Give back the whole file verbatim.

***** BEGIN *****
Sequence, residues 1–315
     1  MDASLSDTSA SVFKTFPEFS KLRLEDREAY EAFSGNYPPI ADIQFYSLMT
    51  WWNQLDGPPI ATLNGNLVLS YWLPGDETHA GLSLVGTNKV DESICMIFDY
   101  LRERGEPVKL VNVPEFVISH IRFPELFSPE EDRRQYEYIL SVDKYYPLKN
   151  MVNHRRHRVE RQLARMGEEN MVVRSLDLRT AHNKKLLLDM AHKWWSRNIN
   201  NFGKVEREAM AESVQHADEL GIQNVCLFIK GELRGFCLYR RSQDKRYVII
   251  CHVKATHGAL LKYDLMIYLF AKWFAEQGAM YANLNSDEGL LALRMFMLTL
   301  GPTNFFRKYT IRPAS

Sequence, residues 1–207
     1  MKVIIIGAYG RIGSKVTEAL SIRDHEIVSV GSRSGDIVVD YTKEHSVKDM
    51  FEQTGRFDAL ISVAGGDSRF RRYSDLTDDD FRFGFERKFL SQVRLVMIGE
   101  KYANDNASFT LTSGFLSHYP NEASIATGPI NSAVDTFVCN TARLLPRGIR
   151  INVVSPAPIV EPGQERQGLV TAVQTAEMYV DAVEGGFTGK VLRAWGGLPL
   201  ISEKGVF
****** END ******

Sequence, residues 1–315
     1  MDASLSDTSA SVFKTFPEFS KLRLEDREAY EAFSGNYPPI ADIQFYSLMT
    51  WWNQLDGPPI ATLNGNLVLS YWLPGDETHA GLSLVGTNKV DESICMIFDY
   101  LRERGEPVKL VNVPEFVISH IRFPELFSPE EDRRQYEYIL SVDKYYPLKN
   151  MVNHRRHRVE RQLARMGEEN MVVRSLDLRT AHNKKLLLDM AHKWWSRNIN
   201  NFGKVEREAM AESVQHADEL GIQNVCLFIK GELRGFCLYR RSQDKRYVII
   251  CHVKATHGAL LKYDLMIYLF AKWFAEQGAM YANLNSDEGL LALRMFMLTL
   301  GPTNFFRKYT IRPAS

Sequence, residues 1–207
     1  MKVIIIGAYG RIGSKVTEAL SIRDHEIVSV GSRSGDIVVD YTKEHSVKDM
    51  FEQTGRFDAL ISVAGGDSRF RRYSDLTDDD FRFGFERKFL SQVRLVMIGE
   101  KYANDNASFT LTSGFLSHYP NEASIATGPI NSAVDTFVCN TARLLPRGIR
   151  INVVSPAPIV EPGQERQGLV TAVQTAEMYV DAVEGGFTGK VLRAWGGLPL
   201  ISEKGVF